Obtaining GoPro footage of a White Shark off Nauset Beach, Orleans MA

Despite the enormous scientific and public interest in white sharks, large gaps in our understanding of this species remain. Cape Cod has become an aggregation site for great white sharks, presenting a rare and incredible research opportunity.

“For the first time, modern scientists have predictable access to white sharks in the North Atlantic and the ability to study their life history and ecology over multiple spatial and temporal scales,” explains leading shark expert, Dr. Greg Skomal of the Massachusetts Division of Marine Fisheries (DMF).

White sharks have been studied in California and other areas of the world for over two decades. However, on the east coast of the United States there is very little known about this species. In 2009, DMF biologists, Dr. Greg Skomal and John Chisholm were the first to successfully tag and track great whites in the Northwest Atlantic Ocean using high tech tags. We now have the ability to track local and long range movements, study behavior and biology, and estimate population size.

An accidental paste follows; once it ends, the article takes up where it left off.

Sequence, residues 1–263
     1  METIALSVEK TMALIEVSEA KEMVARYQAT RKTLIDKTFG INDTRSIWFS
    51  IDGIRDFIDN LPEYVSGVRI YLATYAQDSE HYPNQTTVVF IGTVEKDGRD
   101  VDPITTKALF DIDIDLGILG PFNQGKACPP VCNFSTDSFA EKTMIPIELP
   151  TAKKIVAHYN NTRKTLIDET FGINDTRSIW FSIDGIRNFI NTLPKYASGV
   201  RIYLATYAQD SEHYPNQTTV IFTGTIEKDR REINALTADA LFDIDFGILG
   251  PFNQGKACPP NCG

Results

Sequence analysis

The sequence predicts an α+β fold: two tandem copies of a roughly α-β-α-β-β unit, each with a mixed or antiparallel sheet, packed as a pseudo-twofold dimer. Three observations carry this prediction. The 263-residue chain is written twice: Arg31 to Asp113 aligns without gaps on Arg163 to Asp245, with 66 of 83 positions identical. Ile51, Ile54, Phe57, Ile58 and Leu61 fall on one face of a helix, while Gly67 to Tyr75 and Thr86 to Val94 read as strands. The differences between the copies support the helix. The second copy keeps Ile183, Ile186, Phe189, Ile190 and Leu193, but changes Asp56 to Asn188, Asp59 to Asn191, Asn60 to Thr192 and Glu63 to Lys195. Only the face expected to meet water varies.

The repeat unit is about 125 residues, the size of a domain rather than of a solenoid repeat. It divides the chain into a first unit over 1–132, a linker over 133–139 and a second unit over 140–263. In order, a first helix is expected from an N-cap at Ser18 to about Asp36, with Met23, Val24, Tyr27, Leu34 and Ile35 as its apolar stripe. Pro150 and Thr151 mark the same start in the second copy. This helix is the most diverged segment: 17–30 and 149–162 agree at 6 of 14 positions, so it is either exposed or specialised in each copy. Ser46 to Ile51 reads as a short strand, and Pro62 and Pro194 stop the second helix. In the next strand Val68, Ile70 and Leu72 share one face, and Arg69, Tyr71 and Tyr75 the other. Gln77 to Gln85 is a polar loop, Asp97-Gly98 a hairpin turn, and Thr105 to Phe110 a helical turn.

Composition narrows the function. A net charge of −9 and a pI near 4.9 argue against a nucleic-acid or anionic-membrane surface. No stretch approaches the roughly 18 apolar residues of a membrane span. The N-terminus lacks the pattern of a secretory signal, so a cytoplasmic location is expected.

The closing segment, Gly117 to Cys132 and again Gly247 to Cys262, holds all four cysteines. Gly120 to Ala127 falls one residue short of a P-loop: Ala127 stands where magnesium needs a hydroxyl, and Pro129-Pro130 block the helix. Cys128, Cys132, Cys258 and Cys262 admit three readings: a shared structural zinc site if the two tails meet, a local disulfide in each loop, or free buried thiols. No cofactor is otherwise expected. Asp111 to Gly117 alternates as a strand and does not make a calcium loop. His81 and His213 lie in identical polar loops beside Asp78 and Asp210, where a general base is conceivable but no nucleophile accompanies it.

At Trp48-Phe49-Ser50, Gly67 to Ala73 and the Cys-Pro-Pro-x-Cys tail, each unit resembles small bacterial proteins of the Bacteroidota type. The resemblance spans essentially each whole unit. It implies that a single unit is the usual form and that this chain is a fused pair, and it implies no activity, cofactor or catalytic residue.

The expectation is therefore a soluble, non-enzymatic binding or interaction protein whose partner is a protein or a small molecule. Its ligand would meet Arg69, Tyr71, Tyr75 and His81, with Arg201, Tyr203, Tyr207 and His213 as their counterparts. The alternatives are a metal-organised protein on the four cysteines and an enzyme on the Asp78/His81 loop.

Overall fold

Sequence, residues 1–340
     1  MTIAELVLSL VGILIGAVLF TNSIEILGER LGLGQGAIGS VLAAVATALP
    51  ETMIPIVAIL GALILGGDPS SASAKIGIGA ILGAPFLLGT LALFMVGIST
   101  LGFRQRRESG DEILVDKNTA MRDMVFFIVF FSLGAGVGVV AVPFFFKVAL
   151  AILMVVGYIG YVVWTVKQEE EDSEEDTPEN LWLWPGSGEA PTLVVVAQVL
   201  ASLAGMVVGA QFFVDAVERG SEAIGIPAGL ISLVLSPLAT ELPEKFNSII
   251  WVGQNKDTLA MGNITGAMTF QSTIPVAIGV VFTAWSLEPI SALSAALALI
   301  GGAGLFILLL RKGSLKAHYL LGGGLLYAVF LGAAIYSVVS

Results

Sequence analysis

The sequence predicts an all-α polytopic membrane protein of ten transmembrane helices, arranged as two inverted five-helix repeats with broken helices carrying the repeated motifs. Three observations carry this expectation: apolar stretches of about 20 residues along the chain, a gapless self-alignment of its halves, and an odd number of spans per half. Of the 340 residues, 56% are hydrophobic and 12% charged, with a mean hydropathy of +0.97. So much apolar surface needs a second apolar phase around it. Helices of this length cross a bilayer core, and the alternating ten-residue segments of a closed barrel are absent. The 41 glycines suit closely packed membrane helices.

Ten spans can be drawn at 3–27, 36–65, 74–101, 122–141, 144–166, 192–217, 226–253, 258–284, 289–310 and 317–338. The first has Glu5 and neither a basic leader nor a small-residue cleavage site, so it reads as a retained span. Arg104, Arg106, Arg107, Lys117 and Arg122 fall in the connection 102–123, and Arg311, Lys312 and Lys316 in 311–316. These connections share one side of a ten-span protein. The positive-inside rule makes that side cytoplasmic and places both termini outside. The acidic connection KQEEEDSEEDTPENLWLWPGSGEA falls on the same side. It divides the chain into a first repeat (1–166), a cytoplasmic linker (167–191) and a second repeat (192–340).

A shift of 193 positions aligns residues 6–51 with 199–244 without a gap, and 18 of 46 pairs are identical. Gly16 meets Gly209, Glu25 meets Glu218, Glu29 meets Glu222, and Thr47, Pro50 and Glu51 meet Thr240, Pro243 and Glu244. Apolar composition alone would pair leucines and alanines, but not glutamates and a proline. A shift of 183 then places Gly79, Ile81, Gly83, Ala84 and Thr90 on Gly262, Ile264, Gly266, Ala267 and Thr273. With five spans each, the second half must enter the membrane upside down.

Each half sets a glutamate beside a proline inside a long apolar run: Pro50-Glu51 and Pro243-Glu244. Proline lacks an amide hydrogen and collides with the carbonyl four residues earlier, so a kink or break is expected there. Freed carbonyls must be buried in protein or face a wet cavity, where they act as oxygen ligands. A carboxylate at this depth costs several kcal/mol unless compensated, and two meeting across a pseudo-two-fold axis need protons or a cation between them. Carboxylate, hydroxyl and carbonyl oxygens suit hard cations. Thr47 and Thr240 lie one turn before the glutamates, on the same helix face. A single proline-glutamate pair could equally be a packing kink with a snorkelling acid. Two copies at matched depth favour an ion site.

DMF, relies, in part, on outside funding to conduct its white shark research. By taking action now and making a tax deductible donation to AWSC, you can help support white shark research conducted by DMF and other scientists as well as the overall mission of the AWSC.



The Massachusetts Division of Marine Fisheries is collaborating with several institutions and researchers on white shark studies.  Atlantic White Shark Conservancy is providing funding and/or in-kind support for the following studies:

I. The trophic ecology of white sharks in the western North Atlantic

S. Thorrold – Woods Hole Oceanographic Institution

II. The reproductive stage of white sharks in the western North Atlantic

J. Sulikowski – University of New England

III. A comparative analysis of DNA sequence variation in the white shark within and among ocean basins

G. Naylor – College of Charleston